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Vagaceratops irvinensis

In the Museum

The Museum team: Clayton Kennedy, Rob Holmes, and Kieran Shepherd.

The Museum team (from front to back): Clayton Kennedy, Rob Holmes, and Kieran Shepherd.

The specimen in Nature's collection is the one on which the "definition" of the species Vagaceratops irvinensis is based. This specimen is thus the holotype, which is the first specimen of a species to be scientifically described and named. This specimen is therefore the most important reference for palaeontologists who study these dinosaurs.

Technicians have cleaned and prepared the skull and skeleton of the fossil specimen for display in our Talisman Energy Fossil Gallery. Many of the bones were distorted during the fossilization process. The way they are mounted in the gallery shows how they were arranged when the specimen was found.

Because the skull was in fragments, parts were distorted, and some pieces were missing, a replica was made that shows the 1.4 metre-long skull as it would have been originally. This replica is also on display in the gallery.

And, the gallery features a life-sized herd of fleshed-out Vagaceratops irvinensis. The dramatic diorama shows them being threatened by a pair of carnivorous dinosaurs, Daspletosaurus torosus. (Read their Amazing Story).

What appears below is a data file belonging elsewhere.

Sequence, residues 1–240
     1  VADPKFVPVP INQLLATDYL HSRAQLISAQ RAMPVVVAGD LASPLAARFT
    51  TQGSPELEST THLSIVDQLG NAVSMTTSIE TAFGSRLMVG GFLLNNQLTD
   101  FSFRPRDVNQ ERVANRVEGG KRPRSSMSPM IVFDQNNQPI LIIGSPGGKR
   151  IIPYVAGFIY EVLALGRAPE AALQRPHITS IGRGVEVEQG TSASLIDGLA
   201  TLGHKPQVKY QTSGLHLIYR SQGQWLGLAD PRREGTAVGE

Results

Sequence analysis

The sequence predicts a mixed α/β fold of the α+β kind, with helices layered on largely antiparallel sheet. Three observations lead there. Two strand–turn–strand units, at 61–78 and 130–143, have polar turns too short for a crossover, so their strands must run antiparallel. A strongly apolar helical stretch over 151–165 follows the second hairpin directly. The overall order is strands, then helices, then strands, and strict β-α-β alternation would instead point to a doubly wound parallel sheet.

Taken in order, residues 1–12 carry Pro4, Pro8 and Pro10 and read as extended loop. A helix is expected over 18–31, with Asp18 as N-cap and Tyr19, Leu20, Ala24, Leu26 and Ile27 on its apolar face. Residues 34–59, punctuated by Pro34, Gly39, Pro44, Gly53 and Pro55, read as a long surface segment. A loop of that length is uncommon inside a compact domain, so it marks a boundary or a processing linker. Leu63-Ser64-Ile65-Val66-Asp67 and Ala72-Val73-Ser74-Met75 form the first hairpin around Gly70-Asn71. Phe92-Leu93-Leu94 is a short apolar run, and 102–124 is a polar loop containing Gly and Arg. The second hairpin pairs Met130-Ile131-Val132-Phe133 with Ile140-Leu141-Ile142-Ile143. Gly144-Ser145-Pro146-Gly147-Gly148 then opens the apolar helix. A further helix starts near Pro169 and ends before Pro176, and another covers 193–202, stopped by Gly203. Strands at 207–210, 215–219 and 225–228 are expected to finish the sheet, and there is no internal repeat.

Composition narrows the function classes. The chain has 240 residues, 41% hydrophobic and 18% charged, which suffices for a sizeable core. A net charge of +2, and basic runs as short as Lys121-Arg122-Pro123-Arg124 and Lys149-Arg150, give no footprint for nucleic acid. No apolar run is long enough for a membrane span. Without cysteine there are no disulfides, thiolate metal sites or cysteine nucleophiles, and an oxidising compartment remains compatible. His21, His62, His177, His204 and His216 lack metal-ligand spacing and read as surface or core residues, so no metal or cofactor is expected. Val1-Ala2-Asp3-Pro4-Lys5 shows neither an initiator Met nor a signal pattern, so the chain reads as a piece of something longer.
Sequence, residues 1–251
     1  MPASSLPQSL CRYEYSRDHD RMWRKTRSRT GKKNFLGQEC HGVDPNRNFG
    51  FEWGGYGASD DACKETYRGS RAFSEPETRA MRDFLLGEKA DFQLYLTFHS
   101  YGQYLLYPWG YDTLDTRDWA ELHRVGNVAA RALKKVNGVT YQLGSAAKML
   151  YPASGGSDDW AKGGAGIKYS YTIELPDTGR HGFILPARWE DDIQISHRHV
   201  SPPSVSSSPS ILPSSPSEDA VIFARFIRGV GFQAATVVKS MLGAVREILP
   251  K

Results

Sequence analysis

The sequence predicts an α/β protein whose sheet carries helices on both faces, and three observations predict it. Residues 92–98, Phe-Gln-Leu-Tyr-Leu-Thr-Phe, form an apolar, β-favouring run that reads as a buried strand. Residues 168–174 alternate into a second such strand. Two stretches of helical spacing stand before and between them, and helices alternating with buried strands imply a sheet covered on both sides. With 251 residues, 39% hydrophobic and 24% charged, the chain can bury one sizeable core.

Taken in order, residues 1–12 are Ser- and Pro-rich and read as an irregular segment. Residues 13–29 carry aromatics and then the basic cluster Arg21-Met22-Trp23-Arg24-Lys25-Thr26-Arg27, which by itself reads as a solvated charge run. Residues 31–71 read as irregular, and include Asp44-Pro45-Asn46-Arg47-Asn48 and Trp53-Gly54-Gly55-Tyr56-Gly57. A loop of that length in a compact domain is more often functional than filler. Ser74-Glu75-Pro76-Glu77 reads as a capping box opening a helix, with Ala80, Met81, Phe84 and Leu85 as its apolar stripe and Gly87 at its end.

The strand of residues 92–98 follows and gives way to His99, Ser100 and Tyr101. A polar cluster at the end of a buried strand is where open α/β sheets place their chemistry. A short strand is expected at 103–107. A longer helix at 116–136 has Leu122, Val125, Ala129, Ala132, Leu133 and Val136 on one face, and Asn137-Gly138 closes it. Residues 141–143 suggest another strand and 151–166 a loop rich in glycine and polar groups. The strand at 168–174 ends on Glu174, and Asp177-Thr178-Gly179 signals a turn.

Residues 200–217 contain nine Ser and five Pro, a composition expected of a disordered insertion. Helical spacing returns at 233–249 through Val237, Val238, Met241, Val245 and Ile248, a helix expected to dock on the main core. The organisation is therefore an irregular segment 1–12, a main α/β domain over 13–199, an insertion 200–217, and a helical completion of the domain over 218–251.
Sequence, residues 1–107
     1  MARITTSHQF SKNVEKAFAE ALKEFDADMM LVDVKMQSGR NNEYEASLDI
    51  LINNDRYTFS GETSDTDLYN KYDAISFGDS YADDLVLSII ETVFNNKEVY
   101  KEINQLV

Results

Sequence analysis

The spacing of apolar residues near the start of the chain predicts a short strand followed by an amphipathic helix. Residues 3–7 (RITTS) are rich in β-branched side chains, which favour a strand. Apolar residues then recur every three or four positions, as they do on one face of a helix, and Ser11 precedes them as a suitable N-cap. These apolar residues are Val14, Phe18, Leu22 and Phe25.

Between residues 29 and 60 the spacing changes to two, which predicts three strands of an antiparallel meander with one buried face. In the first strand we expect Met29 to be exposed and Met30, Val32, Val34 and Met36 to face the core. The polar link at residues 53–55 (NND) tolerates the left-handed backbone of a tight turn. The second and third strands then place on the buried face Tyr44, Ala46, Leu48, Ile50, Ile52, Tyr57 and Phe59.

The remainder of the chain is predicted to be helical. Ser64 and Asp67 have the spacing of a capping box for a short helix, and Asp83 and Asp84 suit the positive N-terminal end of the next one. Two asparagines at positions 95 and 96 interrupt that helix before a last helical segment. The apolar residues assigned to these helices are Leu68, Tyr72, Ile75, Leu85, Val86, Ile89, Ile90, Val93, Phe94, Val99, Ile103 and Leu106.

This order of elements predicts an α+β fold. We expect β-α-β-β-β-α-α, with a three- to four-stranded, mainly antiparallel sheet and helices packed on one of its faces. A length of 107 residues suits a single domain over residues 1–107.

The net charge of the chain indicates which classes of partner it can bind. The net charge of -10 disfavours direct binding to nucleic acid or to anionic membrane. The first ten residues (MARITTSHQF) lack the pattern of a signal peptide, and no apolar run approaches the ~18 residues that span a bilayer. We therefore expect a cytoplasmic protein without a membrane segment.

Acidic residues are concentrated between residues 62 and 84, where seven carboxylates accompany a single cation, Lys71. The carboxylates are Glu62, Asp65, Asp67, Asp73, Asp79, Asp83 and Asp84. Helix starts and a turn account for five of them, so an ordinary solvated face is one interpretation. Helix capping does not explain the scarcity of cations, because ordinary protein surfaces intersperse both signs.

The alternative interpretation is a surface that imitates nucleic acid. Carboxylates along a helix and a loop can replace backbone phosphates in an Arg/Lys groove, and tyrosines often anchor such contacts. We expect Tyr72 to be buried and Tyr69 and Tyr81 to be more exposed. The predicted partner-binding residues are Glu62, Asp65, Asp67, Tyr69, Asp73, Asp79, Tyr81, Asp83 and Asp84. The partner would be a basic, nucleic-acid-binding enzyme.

Art meets science in a 3D animation that shows the bones rising out of their bed, putting themselves together and becoming a fleshed-out dinosaur. See this animation and others starring Vagaceratops irvinensis on our 3D Dinos YouTube Channel.

Dorsal view of the skull of Vagaceratops irvinensis. View of the dinosaur diorama in the gallery.
The complete skull on display in the Museum was made using casts of these fragments of the fossil specimen's skull. In our new Talisman Energy Fossil Gallery, you can go right into this life-sized diorama, which depicts a herd of Vagaceratops irvinensis being threatened by a pair of Daspletosaurus torosus.

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    A 3D image of the fleshed-out Vagaceratops irvinensis.
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